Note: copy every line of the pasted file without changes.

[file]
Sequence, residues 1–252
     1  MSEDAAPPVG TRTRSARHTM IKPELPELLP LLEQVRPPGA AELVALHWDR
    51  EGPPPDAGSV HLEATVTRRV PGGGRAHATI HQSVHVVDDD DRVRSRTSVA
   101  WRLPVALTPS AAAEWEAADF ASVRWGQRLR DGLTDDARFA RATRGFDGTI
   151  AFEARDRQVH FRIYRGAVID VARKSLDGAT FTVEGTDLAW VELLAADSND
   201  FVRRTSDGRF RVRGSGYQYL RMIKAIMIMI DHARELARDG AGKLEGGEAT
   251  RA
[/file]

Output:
Sequence, residues 1–252
     1  MSEDAAPPVG TRTRSARHTM IKPELPELLP LLEQVRPPGA AELVALHWDR
    51  EGPPPDAGSV HLEATVTRRV PGGGRAHATI HQSVHVVDDD DRVRSRTSVA
   101  WRLPVALTPS AAAEWEAADF ASVRWGQRLR DGLTDDARFA RATRGFDGTI
   151  AFEARDRQVH FRIYRGAVID VARKSLDGAT FTVEGTDLAW VELLAADSND
   201  FVRRTSDGRF RVRGSGYQYL RMIKAIMIMI DHARELARDG AGKLEGGEAT
   251  RA